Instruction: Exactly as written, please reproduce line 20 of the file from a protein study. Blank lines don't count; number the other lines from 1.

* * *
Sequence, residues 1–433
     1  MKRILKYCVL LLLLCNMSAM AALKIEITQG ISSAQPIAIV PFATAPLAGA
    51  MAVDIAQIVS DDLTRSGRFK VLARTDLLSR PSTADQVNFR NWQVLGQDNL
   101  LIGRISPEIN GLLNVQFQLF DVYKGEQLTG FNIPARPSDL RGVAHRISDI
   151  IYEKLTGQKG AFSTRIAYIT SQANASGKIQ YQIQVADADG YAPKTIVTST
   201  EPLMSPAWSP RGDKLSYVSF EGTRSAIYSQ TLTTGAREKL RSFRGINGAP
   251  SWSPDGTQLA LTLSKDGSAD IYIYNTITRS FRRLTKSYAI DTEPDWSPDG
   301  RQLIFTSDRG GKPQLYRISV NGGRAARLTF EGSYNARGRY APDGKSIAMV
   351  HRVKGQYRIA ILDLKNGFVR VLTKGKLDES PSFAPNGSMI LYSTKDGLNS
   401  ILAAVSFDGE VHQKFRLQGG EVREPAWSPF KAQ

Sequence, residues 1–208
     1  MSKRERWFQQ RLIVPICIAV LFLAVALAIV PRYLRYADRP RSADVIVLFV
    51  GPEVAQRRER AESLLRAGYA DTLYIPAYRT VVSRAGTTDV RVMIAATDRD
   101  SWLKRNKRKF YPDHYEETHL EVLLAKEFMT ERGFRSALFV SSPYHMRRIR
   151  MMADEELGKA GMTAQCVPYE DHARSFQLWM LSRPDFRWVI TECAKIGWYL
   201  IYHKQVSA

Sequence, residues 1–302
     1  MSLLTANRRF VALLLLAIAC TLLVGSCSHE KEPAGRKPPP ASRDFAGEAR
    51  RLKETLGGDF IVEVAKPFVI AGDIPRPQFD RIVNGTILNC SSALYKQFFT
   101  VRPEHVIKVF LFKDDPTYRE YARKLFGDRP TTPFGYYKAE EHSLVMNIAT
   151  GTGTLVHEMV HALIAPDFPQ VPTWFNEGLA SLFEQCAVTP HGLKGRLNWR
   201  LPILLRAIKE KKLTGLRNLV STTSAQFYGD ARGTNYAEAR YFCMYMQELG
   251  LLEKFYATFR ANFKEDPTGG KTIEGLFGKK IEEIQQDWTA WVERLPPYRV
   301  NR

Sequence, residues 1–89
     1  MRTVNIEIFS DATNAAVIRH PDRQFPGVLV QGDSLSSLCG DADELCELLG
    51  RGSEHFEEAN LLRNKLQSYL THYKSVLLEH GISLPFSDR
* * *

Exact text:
   101  VRPEHVIKVF LFKDDPTYRE YARKLFGDRP TTPFGYYKAE EHSLVMNIAT